ASH1L (a histone methyltransferase protein) is a novel candidate globin gene regulator revealed by genetic study of an English family with beta-thalassaemia unlinked to the beta-globin locus

Amandine Breton, Andria Theodorou, Suleyman Aktuna, Laura Sonzogni, David Darling, Lucas Chan, Stephan Menzel, Peter J. van der Spek, Sigrid M A Swagemakers, Frank Grosveld, Sjaak Philipsen, Swee Lay Thein*

*Corresponding author for this work

    Research output: Contribution to journalArticlepeer-review

    7 Citations (Scopus)

    Abstract

    In 1993, we described an English family with beta-thalassaemia that was not linked to the beta-globin locus. Whole genome sequence analyses revealed potential causative mutations in 15 different genes, of which 4 were consistently and uniquely associated with the phenotype in all 7 affected family members, also confirmed by genetic linkage analysis. Of the 4 genes, which are present in a centromeric region of chromosome 1, ASH1L was proposed as causative through functional mRNA knock-down and chromatin-immunoprecipitation studies in human erythroid progenitor cells. Our data suggest a putative role for ASH1L (Trithorax protein) in the regulation of globin genes.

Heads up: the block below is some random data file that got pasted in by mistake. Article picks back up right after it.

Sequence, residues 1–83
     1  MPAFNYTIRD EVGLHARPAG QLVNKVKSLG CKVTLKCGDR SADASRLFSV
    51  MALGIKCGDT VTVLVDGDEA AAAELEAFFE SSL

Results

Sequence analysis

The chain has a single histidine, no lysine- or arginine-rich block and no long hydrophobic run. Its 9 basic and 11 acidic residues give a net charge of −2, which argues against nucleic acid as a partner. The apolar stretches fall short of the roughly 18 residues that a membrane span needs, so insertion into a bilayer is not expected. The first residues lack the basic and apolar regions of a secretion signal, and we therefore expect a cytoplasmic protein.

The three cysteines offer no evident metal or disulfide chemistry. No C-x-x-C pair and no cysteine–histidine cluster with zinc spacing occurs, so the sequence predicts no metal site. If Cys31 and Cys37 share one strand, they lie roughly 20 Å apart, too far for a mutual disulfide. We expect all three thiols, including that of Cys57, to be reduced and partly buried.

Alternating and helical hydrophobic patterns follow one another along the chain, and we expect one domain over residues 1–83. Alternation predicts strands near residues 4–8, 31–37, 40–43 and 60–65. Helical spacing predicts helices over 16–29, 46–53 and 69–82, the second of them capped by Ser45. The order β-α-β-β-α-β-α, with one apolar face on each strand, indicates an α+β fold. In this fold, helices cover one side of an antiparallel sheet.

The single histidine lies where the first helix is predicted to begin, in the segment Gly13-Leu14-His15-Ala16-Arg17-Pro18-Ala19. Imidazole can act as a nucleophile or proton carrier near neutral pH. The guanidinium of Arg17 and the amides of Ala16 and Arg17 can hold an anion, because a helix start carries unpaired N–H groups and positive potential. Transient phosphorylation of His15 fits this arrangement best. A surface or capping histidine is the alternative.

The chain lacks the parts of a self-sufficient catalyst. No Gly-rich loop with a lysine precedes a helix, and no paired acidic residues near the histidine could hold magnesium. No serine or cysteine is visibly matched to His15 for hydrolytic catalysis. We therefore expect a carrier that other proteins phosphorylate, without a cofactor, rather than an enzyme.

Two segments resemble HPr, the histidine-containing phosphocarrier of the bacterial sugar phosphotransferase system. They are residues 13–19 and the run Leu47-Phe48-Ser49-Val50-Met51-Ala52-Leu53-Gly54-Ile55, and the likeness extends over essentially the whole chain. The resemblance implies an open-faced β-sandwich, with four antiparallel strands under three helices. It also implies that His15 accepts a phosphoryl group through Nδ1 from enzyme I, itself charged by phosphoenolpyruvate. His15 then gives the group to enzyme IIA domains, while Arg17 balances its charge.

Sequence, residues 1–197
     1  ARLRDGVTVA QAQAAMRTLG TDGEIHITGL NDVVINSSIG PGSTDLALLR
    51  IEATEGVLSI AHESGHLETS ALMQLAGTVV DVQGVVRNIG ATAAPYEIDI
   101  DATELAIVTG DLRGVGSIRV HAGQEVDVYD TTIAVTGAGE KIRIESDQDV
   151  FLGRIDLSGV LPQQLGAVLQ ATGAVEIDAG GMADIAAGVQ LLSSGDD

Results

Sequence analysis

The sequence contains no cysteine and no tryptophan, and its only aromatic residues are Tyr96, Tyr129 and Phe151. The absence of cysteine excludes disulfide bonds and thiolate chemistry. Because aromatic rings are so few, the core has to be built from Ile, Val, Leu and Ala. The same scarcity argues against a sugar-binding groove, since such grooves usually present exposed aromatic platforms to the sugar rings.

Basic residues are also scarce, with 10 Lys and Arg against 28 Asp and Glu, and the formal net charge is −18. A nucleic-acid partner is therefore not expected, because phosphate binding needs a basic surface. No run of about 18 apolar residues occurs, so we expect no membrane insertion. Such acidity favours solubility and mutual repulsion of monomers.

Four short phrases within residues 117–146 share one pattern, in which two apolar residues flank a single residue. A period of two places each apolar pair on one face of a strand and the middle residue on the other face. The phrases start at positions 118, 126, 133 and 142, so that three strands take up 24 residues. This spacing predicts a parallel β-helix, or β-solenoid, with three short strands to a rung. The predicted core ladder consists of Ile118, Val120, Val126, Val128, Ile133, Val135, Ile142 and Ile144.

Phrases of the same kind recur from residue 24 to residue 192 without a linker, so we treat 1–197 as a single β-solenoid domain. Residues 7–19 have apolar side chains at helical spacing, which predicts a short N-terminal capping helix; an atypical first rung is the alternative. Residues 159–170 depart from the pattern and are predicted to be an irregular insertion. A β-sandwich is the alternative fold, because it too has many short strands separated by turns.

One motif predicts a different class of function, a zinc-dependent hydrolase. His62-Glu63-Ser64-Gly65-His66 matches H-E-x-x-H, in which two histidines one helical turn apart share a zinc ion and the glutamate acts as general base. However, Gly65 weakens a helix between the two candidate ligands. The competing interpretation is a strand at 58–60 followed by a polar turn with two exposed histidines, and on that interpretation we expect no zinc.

Original languageEnglish
    JournalBritish Journal of Haematology
    Early online date19 Jul 2016
    DOIs
    Publication statusE-pub ahead of print - 19 Jul 2016

    Keywords

    • ASH1L
    • Beta-thalassaemia
    • Trithorax protein

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